5. Bloom CI, Nissen F, Douglas IJ et al. Exacerbation risk and characterisation of the UK's asthma population from infants to old age. Thorax 2018; 73(4):313–20.
6. Ding B, Small M. Disease Burden of Mild Asthma: Findings from a Cross-Sectional Real-World Survey. Adv Ther 2017; 34(5):1109–27.
7. O’Byrne P, Jenkins C, Bateman E. The paradoxes of asthma management: time for a new approach? Eur Respir J. 2017; 50 (3).
8. 2019 GINA Report, Global Strategy for Asthma Management and Prevention. Available from: https://ginasthma.org/gina-reports/. [Last accessed: November 2019].
9. Partridge M, van der Molen T, Myrseth S-E et al. Attitudes and actions of asthma patients on regular maintenance therapy: The INSPIRE study. BMC Pulm Med. 2006; 6:13.
10. Keeley D, Baxter N. Conflicting asthma guidelines cause confusion in primary care. BMJ 2018; 360:k29
11. Schatz M, Zeiger R, Vollmer WM, et al. Validation of a beta-agonist long-term asthma control scale derived from computerized pharmacy data. J Allergy Clin Immunol. 2006; 117(5):995–1000.
12. Janson C, Nwaru B, Hasvold LP, Wiklund F, Telg G, Ekstrom M. SABA overuse and risk of mortality in a nationwide Swedish asthma cohort (HERA). Late Breaker abstract at the European Respiratory Society 2019 International Congress. [Last accessed: November 2019].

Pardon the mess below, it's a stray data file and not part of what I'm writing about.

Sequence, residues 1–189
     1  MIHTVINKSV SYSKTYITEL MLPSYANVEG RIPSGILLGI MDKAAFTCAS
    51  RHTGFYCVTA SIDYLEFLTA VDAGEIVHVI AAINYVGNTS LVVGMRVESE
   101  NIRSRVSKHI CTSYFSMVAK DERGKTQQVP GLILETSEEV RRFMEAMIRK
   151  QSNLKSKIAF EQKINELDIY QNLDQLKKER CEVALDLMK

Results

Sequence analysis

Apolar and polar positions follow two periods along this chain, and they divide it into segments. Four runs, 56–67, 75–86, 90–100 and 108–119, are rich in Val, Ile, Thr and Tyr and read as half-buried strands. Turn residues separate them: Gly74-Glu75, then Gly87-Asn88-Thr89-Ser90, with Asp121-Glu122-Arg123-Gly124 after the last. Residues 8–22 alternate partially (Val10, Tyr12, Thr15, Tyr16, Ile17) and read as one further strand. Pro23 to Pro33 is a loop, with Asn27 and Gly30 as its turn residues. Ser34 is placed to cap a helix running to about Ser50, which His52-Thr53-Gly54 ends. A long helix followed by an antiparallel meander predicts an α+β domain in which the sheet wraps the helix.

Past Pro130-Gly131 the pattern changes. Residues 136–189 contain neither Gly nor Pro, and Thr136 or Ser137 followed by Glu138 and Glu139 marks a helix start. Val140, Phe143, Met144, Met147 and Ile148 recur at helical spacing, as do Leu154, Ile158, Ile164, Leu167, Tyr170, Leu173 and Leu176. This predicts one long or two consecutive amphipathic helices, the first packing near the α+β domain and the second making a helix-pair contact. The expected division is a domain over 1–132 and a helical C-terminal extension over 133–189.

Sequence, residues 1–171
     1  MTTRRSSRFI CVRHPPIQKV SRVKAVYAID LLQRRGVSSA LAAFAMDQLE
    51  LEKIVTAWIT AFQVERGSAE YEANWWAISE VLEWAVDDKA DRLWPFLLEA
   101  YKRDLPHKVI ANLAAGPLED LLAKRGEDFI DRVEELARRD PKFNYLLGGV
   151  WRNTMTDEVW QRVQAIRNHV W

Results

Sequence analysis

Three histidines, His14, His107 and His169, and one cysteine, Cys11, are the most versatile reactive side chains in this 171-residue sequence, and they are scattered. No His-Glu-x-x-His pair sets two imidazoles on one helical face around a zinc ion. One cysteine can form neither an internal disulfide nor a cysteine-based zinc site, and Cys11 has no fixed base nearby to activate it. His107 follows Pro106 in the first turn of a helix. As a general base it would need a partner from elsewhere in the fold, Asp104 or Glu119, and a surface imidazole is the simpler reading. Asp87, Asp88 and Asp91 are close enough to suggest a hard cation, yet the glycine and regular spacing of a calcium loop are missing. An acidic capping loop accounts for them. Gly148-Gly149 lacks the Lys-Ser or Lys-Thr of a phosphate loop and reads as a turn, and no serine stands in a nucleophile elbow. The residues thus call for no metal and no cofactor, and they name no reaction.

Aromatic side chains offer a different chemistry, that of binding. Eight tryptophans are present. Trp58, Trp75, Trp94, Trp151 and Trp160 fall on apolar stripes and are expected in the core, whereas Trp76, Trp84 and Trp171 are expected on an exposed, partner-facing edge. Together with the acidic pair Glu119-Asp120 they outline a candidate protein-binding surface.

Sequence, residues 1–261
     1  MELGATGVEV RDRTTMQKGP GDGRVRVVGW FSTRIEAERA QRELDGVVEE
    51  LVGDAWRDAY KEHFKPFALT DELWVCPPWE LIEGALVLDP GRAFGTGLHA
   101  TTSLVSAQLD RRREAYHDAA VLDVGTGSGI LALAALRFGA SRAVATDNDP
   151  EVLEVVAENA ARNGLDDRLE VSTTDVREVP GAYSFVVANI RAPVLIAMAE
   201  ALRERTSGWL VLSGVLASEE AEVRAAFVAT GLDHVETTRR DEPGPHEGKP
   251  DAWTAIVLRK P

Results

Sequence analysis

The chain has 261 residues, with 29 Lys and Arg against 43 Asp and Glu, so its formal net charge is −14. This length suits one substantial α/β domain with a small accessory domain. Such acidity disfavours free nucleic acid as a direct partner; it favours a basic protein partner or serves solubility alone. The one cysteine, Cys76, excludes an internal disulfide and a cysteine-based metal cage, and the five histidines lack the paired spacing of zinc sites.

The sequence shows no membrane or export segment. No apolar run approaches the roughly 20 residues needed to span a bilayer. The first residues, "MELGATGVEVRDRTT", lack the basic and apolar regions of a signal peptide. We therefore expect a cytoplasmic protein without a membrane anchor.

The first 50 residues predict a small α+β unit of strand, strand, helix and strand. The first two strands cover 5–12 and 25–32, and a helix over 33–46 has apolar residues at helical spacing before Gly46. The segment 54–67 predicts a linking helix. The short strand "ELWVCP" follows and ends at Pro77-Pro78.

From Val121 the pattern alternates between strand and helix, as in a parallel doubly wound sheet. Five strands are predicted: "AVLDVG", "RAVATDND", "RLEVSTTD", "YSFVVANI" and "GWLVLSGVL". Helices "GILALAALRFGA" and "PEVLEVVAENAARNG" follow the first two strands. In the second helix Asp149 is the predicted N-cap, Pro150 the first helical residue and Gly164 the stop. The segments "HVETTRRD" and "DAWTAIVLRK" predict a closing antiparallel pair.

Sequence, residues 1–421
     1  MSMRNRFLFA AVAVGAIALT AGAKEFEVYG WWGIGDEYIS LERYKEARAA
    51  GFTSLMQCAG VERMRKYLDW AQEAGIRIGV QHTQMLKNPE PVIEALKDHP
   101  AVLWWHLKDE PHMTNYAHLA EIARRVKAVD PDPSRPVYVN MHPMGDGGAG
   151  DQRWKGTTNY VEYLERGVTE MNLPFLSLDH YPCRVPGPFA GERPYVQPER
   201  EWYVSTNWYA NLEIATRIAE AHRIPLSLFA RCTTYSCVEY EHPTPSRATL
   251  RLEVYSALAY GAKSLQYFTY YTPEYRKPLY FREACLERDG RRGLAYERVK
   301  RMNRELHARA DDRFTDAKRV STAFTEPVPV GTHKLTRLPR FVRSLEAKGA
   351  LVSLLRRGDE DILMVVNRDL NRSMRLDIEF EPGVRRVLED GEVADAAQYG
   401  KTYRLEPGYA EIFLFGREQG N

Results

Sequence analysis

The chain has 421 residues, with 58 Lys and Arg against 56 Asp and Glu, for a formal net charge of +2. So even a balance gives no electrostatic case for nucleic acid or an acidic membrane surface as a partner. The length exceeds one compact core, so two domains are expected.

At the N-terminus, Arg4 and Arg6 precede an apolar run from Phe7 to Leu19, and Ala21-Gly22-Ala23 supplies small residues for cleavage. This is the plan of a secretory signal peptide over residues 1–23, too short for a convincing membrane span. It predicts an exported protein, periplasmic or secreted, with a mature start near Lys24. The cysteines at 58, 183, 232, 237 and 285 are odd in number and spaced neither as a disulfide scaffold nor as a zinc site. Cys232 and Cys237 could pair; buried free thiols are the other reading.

13. Ekstrom M, Nwaru B, Hasvold LP, Wiklund F, Telg G, Janson C. Are SABA-reliant asthma patients receiving adequate ICS therapy? A nationwide cohort study in Sweden (HERA). Abstract at the European Respiratory Society 2019 International Congress. [Last accessed: November 2019].
14. Janson C, Nwaru B, Hasvold LP, Wiklund F, Telg G, Ekstrom M. Use of short-acting beta-2 agonists (SABA) and exacerbations in a nationwide Swedish asthma cohort (HERA). Abstract at the European Respiratory Society 2019 International Congress. [Last accessed: November 2019].
15. Bloom CI, Quint JK, Cabrera C. SABA and ICS use among mild asthma patients in UK primary care. Abstract at the European Respiratory Society 2019 International Congress. [Last accessed: November 2019].
Veeva ID: Z4-21227
Date of preparation: November 2019
Date of expiry: November 2021